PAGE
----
2012 Book #17: Lunch Poems

2012 Book #17: Lunch Poems

Yeah, it’s a book of poetry. And it counts.

I picked up a copy of Frank O’Hara‘s Lunch Poems in the Boston Museum of Fine Arts after walking through an Alex Katz exhibition. Alex Katz, by the way, is very cool.

Anyway, I forget what the relation is, but there is one.

So I picked up Lunch Poems because I’d already spent at least five hours in the museum, and it seemed like a nice idea, exhausted as I was, to sit outside and read some poetry. I’d heard of Frank O’Hara, of course, but I don’t think I’d read any of his poetry. I read through the slim book once, then did some research (airplane wifi is the best thing ever) and read it again. I liked it better the second time.

Frank O’Hara wrote mainly in the 1950s and ’60s (he died in his forties in an accident involving a dune buggy). He was in what was called the New York School with poets like Lawrence Ferlinghetti and Kenneth Koch. Ferlinghetti’s publishing house is responsible for Lunch Poems.

O’Hara’s poetry isn’t very personal – it’s a more objective view of what he saw in New York, chronicling the people he knew and the places he went. I don’t get most of the references, but if you’re interested, you can find a list on the internet. Most of the poems are short, some written in a lunch hour. I’ll share a couple of my favorites:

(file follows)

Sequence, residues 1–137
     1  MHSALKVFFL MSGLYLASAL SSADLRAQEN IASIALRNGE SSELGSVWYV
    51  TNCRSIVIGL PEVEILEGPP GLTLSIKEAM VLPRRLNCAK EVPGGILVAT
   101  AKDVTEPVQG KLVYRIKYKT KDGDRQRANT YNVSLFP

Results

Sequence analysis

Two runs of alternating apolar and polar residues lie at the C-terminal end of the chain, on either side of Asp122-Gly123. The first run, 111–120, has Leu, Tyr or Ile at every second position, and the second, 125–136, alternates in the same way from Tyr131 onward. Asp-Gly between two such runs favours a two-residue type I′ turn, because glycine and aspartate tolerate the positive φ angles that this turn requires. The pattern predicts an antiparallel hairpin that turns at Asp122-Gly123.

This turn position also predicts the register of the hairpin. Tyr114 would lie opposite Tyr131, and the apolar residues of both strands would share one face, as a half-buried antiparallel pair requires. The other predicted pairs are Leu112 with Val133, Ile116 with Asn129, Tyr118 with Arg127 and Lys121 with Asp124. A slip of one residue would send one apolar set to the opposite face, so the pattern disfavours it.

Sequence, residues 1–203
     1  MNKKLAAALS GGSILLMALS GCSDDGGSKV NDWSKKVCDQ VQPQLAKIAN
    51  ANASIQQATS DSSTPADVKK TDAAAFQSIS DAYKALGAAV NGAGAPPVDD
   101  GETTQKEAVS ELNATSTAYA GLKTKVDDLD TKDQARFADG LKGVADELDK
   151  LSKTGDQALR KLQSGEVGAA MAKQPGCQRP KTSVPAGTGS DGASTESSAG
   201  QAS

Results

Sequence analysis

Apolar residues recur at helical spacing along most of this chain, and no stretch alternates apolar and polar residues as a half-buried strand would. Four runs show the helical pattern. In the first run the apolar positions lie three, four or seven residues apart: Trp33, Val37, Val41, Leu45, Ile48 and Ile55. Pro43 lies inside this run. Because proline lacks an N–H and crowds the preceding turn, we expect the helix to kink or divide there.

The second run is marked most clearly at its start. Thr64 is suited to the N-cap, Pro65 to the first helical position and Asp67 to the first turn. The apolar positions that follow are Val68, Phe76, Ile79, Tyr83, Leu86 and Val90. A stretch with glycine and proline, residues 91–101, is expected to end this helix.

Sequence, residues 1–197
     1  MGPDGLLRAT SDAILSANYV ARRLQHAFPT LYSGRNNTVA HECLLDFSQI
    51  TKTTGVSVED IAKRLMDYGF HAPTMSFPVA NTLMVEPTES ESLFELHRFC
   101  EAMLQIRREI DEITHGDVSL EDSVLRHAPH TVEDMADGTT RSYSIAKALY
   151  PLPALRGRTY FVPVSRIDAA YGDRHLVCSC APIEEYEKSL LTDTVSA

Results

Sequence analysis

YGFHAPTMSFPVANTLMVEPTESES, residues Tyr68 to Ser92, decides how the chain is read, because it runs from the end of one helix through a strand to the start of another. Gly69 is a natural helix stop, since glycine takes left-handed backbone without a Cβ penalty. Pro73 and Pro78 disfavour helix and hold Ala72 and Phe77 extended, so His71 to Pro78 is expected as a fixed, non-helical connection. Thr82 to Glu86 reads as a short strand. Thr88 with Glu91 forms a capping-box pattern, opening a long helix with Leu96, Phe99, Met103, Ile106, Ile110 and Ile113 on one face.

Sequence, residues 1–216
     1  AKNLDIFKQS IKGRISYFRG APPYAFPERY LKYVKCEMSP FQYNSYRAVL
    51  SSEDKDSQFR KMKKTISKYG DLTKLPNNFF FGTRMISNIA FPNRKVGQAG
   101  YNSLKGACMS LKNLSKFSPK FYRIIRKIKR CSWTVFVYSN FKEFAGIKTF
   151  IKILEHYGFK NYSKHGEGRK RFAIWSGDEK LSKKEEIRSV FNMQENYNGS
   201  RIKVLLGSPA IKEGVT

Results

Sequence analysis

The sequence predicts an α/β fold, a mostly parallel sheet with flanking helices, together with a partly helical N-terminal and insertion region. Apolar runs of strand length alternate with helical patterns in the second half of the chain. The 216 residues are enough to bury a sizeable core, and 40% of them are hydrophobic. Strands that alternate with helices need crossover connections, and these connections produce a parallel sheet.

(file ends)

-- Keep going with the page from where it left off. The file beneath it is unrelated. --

From “Steps”:
oh god it’s wonderful
to get out of bed
and drink too much coffee
and smoke too many cigarettes
and love you so much

“Memoir of Sergei O”
My feet have never been comfortable
since I pulled them out of the Black Sea
and came to your foul country
what fatal day did I dry them off for
travel loathsome travel to a world
even older than the one I grew up in
what fatal day meanwhile back in France
they were stumbling towards the Bastille
and the Princess de Lamballe was
shuddering as shudderingly as I
with a lot less to lose I still hated
to move sedentary as a roach of Tiflis
never again to go swimming in the nude
publicly little did I know how
awfulness could reach such perfection abroad
I even thought I would see a Red Indian
all I saw was lipstick everything
covered with grass or shrouds pretty
shrouds shot with silver and plasma
even the chairs are upholstered to a
smothering perfection of inanity
and there are no chandeliers and there
are no gates to the parks so you don’t
know wheter you’re going in them or
coming out of them that’s not relaxing
and so you can’t really walk all you can
do is sit and drink coffee and brood
over the lost leaves and refreshing scum
of Georgia Georgia of my heritage
and dismay meanwhile back in my old
country they are renaming everything so
I can’t even tell any more which ballet
company I am remembering with so much
pain and the same thing has started
here American Avenue Park Avenue South
Avenue of Chester Conklin Binnie Barnes
Boulevard Avenue of Toby Wing Barbara
Nichols Street where am I what is it
I can’t even find a pond small enough
to drown in without being ostentatious
you are ruining your awful country and me
it is not new to do this it is terribly
democratic and ordinary and tired

The more I read Frank O’Hara, the more I like him. Not as much as Ferlinghetti, whose A Coney Island of the Mind just might be my favorite collection of poetry ever. But it’s really accessible, and if you’re intimidated by poetry, O’Hara’s a good one to read.

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Indices, etc, coming soon!